Thyssenkrupp ups Brazil mining focus with global engineering center

Thyssenkrupp ups Brazil mining focus with global engineering center

German group Thyssenkrupp is turning its Brazilian operations into a global mining engineering center due to the country’s growing demand for mining services and equipment.

“This news reinforces a very positive view of the growing investment cycle that the Brazilian mining sector is going through,” Valdir Farias, executive director at mining consultancy Fioito, told BNamericas.

The center will be the second outside of Germany, with the other one located in India, Brazilian business daily Valor Econômico reported.

The facility will have a staff of 100 who will develop equipment and solutions for clients.

“We can offer different levels of digitization to our customers, who are increasingly looking for greater efficiency, performance, and cost reduction,” Leonardo Pena, chief operating officer in Brazil, told Valor Econômico.

Companies such as Ingeniería y Construcción Sigdo Koppers (ICSK), a subsidiary of Chile’s Sigdo Koppers, and German firms FAM and Bauer Group, have recently unveiled plans to boost their operations in Brazil.

“The interest of these companies in expanding in Brazil is fueled by the iron ore segment, which is benefitting from increased production at local players and demand from China that is likely to continue growing,” said Farias, who added that Brazil is benefitting from existing tensions between China and Australia, which is a major iron ore producer.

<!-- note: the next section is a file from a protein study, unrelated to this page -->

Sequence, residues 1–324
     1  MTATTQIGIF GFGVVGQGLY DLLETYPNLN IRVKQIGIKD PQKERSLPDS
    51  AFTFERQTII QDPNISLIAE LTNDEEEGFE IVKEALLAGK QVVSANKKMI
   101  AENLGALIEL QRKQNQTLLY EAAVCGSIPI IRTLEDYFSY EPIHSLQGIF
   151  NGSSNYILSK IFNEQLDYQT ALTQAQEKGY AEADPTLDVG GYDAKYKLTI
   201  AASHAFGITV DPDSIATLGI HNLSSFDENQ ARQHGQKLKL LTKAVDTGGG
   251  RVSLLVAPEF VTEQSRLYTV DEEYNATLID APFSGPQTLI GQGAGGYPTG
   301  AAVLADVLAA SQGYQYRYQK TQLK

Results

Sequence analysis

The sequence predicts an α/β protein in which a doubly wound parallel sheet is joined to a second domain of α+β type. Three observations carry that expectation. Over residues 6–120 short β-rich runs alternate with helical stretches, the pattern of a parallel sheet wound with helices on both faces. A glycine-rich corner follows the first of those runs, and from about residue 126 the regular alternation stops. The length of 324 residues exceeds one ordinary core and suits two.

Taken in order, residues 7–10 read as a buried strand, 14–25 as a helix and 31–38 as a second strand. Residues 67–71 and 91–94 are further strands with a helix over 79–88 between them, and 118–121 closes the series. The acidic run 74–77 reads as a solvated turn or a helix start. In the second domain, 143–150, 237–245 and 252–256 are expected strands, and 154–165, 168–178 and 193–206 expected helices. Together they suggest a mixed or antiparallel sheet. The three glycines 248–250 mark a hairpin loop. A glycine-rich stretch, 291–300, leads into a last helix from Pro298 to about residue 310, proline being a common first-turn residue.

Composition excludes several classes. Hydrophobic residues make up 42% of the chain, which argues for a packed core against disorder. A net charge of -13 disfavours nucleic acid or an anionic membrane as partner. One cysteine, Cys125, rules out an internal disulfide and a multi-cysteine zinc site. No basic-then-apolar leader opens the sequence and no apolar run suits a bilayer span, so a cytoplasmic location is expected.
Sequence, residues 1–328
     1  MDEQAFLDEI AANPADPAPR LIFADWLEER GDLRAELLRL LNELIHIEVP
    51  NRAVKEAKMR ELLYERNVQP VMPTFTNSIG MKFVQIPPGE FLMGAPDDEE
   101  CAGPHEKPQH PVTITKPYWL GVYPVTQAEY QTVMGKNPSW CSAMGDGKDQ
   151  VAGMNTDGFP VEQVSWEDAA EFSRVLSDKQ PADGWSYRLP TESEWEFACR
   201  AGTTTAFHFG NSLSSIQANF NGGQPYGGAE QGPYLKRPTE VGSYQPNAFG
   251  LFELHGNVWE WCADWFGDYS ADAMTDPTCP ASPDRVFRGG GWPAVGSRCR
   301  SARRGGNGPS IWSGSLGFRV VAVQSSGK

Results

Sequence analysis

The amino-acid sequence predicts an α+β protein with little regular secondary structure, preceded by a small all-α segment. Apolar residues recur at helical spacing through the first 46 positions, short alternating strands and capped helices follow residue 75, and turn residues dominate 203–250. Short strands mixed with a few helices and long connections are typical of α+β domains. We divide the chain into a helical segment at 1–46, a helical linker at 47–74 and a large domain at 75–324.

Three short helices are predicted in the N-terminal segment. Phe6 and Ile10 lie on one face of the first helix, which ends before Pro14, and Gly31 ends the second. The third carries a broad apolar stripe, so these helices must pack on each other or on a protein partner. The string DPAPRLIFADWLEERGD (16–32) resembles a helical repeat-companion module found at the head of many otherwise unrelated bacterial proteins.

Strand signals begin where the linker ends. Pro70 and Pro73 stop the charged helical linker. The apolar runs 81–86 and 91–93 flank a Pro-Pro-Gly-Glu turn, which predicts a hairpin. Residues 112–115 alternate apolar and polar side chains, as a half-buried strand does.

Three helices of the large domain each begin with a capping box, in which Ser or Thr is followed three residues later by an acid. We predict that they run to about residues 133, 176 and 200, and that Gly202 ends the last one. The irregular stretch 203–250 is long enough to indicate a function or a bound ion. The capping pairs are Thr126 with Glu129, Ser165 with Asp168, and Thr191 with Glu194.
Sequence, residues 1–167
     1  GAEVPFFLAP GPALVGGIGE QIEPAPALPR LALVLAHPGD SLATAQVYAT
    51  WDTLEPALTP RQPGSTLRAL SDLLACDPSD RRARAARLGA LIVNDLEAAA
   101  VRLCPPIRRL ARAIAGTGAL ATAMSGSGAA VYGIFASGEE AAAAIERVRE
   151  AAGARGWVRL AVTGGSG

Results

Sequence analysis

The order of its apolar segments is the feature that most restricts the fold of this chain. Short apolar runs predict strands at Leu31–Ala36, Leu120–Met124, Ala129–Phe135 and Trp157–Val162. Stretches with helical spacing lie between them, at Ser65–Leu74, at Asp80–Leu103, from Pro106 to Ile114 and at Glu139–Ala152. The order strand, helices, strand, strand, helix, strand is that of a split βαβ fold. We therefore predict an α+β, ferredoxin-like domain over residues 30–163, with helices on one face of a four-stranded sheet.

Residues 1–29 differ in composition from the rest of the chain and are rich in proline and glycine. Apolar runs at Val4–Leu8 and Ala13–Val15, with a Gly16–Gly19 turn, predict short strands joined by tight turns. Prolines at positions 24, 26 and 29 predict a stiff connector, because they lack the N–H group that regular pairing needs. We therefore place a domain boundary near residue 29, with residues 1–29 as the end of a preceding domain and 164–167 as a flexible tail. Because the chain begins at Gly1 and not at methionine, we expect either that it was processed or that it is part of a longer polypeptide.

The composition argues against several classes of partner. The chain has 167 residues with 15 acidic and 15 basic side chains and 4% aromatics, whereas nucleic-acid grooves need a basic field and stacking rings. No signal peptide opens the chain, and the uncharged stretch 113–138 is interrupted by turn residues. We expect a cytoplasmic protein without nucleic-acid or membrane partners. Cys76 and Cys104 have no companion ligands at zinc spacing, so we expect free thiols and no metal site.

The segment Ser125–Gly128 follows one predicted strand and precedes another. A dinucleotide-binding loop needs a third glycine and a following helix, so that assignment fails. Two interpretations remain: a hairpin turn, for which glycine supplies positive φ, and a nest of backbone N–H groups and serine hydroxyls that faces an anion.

Brazil’s mining capex is expected to reach US$38bn for 2020-24, according to local mining association Ibram. The figure would be the highest since the 2014-18 period when capex totaled US$53.6bn.

The 2020-24 capex forecast has been rising since the start of the pandemic when it was US$34.5bn.

Brazil will hold presidential elections in October next year in what is expected to be a highly polarized contest between far-right President Jair Bolsonaro and former president Luiz Inácio Lula da Silva. All recent surveys show the leftist Lula defeating Bolsonaro.

Whatever the outcome of the elections, Farias said he does not expect any major negative impact for mining firms given the sector’s importance to the Brazilian economy.

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